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Sabres collect nine new pieces at NHL Draft

by Adam Kimelman

PHILADELPHIA -- Tim Murray didn't get everything he wanted in his first draft as general manager of the Buffalo Sabres. But he left Wells Fargo Center on Saturday feeling pretty good about the nine players the Sabres selected.

"I think the original plan was to get an extra pick in the first round and we weren't able to do it," he said. "Other than that, it went pretty well."

They started Friday by selecting Kootenay Ice center Sam Reinhart with the second pick and continued with eight picks Saturday.

Those eight players included six forwards, starting with Barrie Colts left wing Brendan Lemieux, the first pick of the second round (No. 31). Lemieux (6-foot, 206 pounds) had 27 goals, 53 points and 145 penalty minutes in 65 regular-season games. The son of four-time Stanley Cup champion Claude Lemieux plays a game reminiscent of his father, which was a big selling point to Murray.

"We had him in our first round," Murray said. "We like the style of game he plays. He plays a chippy, intimidating style, but in saying that he's not a one-dimensional player. He can score goals, he can shoot the puck. He goes to the net, he goes to the dirty areas. We like the whole package. He's probably a unique player in this draft and he's unique a player out of the guys we drafted. He's got a lot of jam, but he can play the game."

Beyond his on-ice ability, Murray likes what Lemieux's energy and personality potentially could bring to a dressing room that at times has been a bit low-key.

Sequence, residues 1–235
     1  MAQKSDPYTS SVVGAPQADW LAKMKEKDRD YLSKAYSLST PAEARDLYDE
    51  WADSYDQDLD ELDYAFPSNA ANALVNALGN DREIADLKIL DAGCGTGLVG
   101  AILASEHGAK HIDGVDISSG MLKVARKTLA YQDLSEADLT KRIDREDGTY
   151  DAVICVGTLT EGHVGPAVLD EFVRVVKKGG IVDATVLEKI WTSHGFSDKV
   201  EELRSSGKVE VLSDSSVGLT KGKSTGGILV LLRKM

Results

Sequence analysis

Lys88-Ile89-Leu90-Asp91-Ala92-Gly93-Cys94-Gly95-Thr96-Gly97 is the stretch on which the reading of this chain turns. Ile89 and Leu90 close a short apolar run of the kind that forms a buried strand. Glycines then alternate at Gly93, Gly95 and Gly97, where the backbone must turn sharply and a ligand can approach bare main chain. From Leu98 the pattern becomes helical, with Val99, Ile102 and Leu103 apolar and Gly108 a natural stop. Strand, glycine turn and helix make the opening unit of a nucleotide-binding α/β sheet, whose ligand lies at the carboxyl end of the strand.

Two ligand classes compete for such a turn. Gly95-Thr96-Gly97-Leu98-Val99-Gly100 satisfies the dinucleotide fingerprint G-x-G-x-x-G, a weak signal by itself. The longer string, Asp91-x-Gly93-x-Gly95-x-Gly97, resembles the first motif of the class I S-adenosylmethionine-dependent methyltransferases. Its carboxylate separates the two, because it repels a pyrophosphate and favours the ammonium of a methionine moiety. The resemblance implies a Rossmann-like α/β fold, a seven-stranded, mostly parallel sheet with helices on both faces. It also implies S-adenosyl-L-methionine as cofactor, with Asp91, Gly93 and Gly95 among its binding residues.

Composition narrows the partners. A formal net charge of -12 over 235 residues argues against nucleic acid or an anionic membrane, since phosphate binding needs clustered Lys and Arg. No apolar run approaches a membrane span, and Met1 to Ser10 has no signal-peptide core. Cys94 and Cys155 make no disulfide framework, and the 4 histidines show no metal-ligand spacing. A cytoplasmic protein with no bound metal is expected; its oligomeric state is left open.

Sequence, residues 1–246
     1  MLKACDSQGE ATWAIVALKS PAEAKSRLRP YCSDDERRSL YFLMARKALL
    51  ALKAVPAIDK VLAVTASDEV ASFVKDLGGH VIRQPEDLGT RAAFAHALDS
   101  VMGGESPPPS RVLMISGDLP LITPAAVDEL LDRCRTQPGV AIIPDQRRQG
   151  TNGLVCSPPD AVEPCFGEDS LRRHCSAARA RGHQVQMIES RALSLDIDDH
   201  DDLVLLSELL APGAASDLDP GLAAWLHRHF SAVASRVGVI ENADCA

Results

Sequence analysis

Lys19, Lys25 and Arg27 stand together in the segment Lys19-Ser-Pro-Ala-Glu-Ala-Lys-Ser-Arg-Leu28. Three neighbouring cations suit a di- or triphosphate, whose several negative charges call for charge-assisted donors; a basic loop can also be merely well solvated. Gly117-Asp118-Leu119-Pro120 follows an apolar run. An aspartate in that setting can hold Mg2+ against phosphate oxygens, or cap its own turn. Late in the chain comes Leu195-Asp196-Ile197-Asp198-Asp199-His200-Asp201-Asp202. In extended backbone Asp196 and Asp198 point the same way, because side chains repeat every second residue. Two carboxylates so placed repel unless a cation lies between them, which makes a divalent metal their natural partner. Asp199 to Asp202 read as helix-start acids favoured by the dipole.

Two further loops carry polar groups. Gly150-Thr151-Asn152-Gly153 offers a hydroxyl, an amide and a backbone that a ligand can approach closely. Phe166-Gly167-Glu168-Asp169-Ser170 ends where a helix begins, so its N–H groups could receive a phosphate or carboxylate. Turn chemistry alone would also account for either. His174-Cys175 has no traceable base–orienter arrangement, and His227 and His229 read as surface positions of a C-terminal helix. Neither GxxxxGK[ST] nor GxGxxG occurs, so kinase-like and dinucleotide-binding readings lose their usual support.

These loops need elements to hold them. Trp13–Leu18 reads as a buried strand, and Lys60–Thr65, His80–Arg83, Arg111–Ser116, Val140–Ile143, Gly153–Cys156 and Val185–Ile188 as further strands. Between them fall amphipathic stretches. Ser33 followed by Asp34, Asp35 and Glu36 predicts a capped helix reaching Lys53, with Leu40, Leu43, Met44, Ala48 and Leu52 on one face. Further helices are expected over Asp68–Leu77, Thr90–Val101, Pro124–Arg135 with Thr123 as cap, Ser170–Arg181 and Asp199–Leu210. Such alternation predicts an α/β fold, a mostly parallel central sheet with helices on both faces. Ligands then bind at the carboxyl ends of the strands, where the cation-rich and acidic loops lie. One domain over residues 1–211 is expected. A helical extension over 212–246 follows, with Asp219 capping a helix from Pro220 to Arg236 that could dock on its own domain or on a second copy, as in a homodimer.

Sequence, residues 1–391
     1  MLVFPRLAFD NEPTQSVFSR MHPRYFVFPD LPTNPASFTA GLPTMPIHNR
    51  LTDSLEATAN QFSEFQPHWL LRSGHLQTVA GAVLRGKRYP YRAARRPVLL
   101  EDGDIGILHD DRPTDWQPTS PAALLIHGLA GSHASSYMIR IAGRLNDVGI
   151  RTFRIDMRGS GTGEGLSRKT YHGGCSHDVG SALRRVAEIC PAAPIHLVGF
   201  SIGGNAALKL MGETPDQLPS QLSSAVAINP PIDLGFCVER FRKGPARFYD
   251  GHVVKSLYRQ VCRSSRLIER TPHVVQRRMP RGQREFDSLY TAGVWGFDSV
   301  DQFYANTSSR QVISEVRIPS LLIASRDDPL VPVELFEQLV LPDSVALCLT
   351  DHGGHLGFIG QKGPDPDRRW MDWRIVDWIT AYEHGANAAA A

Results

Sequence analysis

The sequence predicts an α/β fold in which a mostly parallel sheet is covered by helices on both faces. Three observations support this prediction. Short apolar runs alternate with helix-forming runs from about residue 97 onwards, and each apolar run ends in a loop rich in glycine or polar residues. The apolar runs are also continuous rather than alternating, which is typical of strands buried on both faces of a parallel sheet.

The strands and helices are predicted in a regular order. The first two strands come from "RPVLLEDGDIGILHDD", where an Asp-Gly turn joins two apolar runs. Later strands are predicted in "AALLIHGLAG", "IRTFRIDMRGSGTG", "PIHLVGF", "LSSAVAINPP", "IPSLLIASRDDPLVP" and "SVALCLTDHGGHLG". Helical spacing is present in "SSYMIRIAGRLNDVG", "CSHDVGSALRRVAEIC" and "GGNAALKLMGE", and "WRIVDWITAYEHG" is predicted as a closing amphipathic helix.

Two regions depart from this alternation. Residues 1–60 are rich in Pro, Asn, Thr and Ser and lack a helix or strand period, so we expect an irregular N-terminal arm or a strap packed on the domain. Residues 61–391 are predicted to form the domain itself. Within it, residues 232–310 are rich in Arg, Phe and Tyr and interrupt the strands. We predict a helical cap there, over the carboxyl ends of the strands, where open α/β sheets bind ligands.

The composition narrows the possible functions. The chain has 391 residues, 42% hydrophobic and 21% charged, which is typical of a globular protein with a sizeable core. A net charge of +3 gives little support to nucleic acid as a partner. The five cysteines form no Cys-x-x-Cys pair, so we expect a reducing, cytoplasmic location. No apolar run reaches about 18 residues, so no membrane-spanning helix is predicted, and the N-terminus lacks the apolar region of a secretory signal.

"He will add another dimension to a quiet room," Murray said. "... The room won't be as quiet with him in it, that's for sure."

With their other two second-round picks, the Sabres chose center Eric Cornel from the Peterborough Petes and right wing Vaclav Karabacek of the Gatineau Olympiques.

Murray is especially interested to see how Cornel continues to develop. He had 25 goals and 37 assists in 68 games in 2013-14.

"He's 6-2, [but] he's slight [186 pounds]," Murray said. "We felt if he makes the same jump next year that he made this year, he'll be a hell of a prospect and a hell of a player."

Buffalo's third-round pick, Swedish goaltender Jonas Johansson (No. 61), is seen as a project who will remain with his club team, Brynas.

"He's not developed physically but ... he's athletic," Murray said. "That's the one question I asked, is he athletic? They assured me that he was."

With a second third-round pick, the Sabres selected Swift Current Broncos defenseman Brycen Martin, who had six goals, 37 points and a minus-16 rating in 72 Western Hockey League games. He was the second pick of the 2011 WHL draft, and though he never lived up to that standard, Murray is betting on Martin's natural talent.

"He's got all the tools," Murray said. "He's a great skater, he has skill, he has hockey sense. His urgency needs to be ramped up, obviously. But I think a kid like that, that was a high pick, I have to assume through peewee, bantam, the game was easy. You get to major junior hockey and the game gets a lithe more difficult and some guys adapt better than others. ... We can help him with the other parts of the game, the mental side of the game."

Murray said he was willing to spend picks to move up in the draft, admitting he offered all three second-round picks to seven teams in a quest to grab a second first-round pick. Instead, the only trade he was able to make was sending a second-round pick (No. 39) to the Washington Capitals for a second-round pick (No. 44) and a third-round choice (No. 74).

As a whole, Murray said there's a lot of quality in the quantity he and the scouting staff selected.

"We have a potential top-two center that could play for us next year," he said. "The other thing it did for the organization is we added a lot of assets. The way I've spoken about that in the past is we're going to do the best we can to make them better. They're going to be Buffalo Sabres or they're going too allow us to get other Buffalo Sabres. I think when you draft a lot of players early that automatically helps your organization."


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